And the same thing is going to happen next year when CSX completes its transfer of freight rights on the Milford Branch and Franklin Industrial Track to Grafton & Upton. While theoretically the Franklin Line could someday get reconnected to the P&W main at Blackstone allowing P&W to get close, all that ex-CSX/Conrail perpetuality red tape is going to prevent G&U from setting up an interchange at Franklin. The black-and-gold G&U engine could literally be staring across the Grove St. grade crossing at a black-and-red P&W engine and they wouldn't be able to hand off. There may even be legalese preventing a handoff of native G&U mainline loads to another carrier (though the threat of CSX cutting them off at North Grafton probably serves as adequate threat to keep them from thinking about it).


So the combo of all the exclusive/perpetual clauses in the line sales to the state and all the exclusive/perpetual interchange clauses with the shortline carriers they dished off freight territory to prevents any threat whatsoever of competitive intrusion. CSX has complete control dictating who runs freight where on any of the lines it sold off by virtue of packing the separate line sale and/or freight rights transfer agreements with these clauses. Conrail was very good at that kind of trickery too back in the day...it's why all the shortlines in New England that took over from post-1974 Conrail-'proper' (as opposed to P&W seceding from Penn Central pre-Conrail) have such limited interchange options even if they touch multiple carriers. To the point where you need a chart to tell what lines or customers CSOR and CNZR are allowed to interchange with CSX vs. PAS to this day. Given all that, the Milford Branch and Fitchburg Sec. can be sold to MassDOT with absolute zero risk of competitive intrusion even if they have seemingly open flanks to another carrier. Just take the Framingham Sec. STB filings, cross out the name of the line, and write the new name and it ensures the state ownership won't introduce any competition. Then any new territory gifted to shortlines is going to be with certainty hamstrung by the same exact exclusivity clauses that MC, G&U, and many shortlines before them were bound to.

Not exactly fair to notions of rigorous competition, but it is legal and CSX's control of who can and can't do what with the territory it shops around is very nearly absolute. They can do pretty much whatever they want, and if Jacksonville wants to cut costs with more shortline outsourcing and cut its tax bill with more public line sales to MassDOT they are fully in the driver's seat to set the competitive terms on the freight side for basically forever unless interstate commerce laws get totally rewritten at the fed level slashing back some of these paper barrier boobytraps that have piled up through 4+ decades of territorial wheeling-and-dealing in the modern freight industry.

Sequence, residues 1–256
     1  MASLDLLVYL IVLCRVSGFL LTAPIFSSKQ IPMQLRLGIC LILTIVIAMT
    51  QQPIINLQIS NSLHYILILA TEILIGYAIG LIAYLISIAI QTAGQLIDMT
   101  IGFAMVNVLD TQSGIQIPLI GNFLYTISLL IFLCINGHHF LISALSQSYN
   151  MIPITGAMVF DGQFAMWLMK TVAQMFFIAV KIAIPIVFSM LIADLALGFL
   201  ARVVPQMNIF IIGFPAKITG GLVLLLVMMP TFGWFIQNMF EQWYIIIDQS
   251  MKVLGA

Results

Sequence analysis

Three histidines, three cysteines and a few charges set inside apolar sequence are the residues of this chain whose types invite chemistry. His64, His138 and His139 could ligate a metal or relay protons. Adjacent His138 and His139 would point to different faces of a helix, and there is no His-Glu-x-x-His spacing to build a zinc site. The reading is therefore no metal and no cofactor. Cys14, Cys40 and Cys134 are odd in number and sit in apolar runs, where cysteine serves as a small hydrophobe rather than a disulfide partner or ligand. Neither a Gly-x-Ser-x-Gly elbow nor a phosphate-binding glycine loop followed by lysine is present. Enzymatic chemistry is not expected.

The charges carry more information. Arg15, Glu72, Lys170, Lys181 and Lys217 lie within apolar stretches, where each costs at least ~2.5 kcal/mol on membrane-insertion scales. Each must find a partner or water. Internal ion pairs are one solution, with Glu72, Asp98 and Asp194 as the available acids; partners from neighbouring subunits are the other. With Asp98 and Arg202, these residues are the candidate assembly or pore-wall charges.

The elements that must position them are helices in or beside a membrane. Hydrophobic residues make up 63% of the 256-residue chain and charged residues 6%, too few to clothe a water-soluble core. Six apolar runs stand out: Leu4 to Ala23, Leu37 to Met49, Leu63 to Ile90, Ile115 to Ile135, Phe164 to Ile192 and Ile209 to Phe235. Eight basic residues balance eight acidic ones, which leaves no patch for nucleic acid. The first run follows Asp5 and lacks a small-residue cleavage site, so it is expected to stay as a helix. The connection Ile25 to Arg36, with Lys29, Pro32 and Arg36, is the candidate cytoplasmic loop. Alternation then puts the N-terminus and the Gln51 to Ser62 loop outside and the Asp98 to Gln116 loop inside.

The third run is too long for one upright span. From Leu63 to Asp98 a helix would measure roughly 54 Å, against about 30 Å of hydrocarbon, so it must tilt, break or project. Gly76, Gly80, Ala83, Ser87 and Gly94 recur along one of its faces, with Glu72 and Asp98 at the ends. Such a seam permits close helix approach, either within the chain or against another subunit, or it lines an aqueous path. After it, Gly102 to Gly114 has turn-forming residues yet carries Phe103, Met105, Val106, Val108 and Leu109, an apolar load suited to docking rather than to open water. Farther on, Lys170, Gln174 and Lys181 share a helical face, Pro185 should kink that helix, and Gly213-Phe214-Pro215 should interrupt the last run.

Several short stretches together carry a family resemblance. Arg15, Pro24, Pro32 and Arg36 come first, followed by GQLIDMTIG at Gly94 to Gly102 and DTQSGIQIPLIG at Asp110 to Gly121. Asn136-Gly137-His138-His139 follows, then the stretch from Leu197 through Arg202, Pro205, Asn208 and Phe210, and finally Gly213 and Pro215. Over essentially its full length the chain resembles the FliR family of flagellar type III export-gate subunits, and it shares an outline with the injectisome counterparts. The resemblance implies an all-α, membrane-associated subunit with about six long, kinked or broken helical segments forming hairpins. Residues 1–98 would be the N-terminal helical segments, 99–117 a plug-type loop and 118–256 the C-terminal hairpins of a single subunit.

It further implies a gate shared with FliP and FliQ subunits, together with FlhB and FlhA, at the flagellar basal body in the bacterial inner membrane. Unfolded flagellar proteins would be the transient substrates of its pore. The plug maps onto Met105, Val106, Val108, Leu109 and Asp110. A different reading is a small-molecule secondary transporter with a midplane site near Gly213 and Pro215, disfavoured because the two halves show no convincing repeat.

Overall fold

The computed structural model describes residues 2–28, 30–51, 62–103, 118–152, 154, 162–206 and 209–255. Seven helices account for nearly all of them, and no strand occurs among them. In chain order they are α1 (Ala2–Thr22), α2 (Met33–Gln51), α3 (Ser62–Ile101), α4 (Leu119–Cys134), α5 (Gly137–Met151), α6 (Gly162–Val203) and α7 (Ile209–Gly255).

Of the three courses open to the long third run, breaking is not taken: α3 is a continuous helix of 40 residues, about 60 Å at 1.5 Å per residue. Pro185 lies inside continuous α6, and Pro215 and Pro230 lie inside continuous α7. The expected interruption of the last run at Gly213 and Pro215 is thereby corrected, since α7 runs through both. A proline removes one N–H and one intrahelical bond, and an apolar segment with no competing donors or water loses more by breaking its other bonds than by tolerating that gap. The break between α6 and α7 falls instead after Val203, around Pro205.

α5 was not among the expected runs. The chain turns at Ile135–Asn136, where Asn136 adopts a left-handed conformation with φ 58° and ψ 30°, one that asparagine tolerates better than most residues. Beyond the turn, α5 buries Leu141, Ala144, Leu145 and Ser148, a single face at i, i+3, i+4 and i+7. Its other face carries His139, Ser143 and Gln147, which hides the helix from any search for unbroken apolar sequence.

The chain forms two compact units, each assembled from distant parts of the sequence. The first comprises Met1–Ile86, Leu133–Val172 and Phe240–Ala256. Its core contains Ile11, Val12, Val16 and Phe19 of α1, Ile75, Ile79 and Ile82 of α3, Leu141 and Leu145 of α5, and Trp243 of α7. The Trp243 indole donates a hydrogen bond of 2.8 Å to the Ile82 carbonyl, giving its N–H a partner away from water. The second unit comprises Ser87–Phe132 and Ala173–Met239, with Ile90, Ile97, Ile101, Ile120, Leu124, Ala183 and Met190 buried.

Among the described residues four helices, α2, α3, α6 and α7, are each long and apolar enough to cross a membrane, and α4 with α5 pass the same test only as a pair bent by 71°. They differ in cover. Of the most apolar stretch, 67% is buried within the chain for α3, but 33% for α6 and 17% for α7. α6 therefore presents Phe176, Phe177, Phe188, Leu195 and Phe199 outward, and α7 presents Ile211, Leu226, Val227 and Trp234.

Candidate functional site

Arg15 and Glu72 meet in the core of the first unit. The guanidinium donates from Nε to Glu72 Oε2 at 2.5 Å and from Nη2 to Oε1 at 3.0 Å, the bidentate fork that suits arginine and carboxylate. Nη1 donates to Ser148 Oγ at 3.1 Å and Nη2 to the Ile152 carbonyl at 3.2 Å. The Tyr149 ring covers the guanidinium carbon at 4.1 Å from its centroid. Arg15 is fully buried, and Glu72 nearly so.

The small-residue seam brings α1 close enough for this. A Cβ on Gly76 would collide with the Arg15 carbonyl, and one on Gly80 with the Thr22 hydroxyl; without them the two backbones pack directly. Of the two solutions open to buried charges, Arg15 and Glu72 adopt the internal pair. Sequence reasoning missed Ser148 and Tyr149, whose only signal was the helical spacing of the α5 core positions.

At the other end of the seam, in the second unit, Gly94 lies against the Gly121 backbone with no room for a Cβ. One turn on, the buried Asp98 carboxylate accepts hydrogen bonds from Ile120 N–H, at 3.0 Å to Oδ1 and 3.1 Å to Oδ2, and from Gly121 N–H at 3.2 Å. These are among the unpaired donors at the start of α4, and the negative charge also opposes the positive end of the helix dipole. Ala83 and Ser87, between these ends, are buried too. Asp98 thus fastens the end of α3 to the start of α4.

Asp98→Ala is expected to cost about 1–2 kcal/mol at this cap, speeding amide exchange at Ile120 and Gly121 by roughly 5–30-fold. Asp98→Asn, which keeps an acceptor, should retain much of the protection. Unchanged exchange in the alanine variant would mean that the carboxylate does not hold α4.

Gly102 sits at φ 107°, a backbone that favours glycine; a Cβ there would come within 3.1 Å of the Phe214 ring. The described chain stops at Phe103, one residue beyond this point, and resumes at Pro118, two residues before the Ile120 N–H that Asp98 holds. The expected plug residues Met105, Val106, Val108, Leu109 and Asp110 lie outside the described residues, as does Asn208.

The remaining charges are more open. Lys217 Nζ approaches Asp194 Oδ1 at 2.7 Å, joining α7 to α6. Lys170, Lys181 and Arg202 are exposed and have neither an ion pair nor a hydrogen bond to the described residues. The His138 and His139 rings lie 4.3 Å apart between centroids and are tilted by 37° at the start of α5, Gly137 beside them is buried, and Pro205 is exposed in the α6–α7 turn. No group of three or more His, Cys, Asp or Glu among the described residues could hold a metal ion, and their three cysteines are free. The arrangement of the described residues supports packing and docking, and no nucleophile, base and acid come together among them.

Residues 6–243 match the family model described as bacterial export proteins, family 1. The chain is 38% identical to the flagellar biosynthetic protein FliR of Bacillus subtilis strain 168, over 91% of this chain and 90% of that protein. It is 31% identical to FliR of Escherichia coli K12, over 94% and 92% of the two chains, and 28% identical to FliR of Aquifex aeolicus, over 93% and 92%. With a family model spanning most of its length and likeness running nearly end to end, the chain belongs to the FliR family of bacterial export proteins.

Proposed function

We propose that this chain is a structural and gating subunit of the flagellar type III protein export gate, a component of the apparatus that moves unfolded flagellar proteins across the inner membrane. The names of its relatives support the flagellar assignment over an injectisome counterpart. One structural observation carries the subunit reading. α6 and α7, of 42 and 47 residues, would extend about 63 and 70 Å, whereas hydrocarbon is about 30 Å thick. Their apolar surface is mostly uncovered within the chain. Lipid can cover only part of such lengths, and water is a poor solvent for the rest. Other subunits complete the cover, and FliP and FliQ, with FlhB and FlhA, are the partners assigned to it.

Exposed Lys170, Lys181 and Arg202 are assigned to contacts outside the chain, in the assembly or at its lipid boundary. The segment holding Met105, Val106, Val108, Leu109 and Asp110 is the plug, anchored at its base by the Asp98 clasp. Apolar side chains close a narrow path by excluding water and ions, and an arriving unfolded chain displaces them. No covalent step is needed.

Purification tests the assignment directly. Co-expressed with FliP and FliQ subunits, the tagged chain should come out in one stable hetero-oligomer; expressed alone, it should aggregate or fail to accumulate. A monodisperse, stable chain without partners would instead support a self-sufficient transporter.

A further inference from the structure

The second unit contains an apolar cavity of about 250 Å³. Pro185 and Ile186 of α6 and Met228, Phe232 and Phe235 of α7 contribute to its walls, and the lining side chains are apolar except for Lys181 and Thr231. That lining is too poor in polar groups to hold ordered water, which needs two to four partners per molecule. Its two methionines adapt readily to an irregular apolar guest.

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Re: MassDOT purchase of Framingham Secondary?

Postby Dick H » Wed Dec 31, 2014 4:36 pm

Could CSX decide to sell off those rights on Line X to shortline Y? If so, would the MBTA have to be involved? Thanks to F-line for his research.
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Re: MassDOT purchase of Framingham Secondary?

Postby F-line to Dudley via Park » Wed Dec 31, 2014 4:51 pm

Dick H wrote:Could CSX decide to sell off those rights on Line X to shortline Y? If so, would the MBTA have to be involved? Thanks to F-line for his research.


Yeah. CSX can do anything with its trackage rights, including outright abandon them if it wants (though it'll never need to since it costs them so little to retain unused paper rights under the legacy agreements Conrail got upon its inception on all the ex-Penn Central lines that were sold to the state in the bankruptcy fire sale). MassDOT, being line owner, would have to approve the freight rights transfer with its own STB co-filing. Just as it would have to file a support statement if some other company acquired CSX. But that's a mere formality. As long as the recipient of those rights isn't some shady outfit it's usually a rubber-stamp procedure, and has happened many times before in this state.
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Re: MassDOT purchase of Framingham Secondary?

Postby BM6569 » Sat Jan 03, 2015 9:44 pm

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Re: MassDOT purchase of Framingham Secondary?

Postby eustis22 » Mon Jan 05, 2015 7:52 am

So if I read that correctly, MassDOT will pay for the upgrade of the line and continued maintenance, in order to provide commuter rail services, but CSX still has exclusive right to run freight if they want to?